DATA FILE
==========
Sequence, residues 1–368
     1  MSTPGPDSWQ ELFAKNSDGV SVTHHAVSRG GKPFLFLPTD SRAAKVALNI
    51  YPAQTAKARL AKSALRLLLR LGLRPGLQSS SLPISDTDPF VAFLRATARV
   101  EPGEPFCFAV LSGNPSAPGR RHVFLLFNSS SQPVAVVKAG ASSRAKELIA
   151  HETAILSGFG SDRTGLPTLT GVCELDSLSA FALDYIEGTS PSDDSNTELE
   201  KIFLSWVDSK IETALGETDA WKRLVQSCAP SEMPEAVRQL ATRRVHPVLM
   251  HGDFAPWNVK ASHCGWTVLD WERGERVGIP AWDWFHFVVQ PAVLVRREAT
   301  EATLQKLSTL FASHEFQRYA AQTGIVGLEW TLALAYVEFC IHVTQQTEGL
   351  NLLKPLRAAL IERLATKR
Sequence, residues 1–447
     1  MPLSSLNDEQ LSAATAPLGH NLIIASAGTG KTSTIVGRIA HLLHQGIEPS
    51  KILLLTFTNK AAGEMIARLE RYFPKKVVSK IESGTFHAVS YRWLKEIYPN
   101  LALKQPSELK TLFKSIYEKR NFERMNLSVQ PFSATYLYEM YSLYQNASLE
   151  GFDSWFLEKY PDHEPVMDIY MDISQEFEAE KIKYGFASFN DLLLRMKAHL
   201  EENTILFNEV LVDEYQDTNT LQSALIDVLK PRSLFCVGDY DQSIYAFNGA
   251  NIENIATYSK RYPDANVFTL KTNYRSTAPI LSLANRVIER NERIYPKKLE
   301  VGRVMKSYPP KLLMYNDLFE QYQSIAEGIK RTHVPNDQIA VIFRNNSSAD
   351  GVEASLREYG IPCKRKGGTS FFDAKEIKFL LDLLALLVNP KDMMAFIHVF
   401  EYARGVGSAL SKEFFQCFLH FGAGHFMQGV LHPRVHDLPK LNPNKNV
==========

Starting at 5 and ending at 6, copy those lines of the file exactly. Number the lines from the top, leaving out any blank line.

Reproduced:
   151  HETAILSGFG SDRTGLPTLT GVCELDSLSA FALDYIEGTS PSDDSNTELE
   201  KIFLSWVDSK IETALGETDA WKRLVQSCAP SEMPEAVRQL ATRRVHPVLM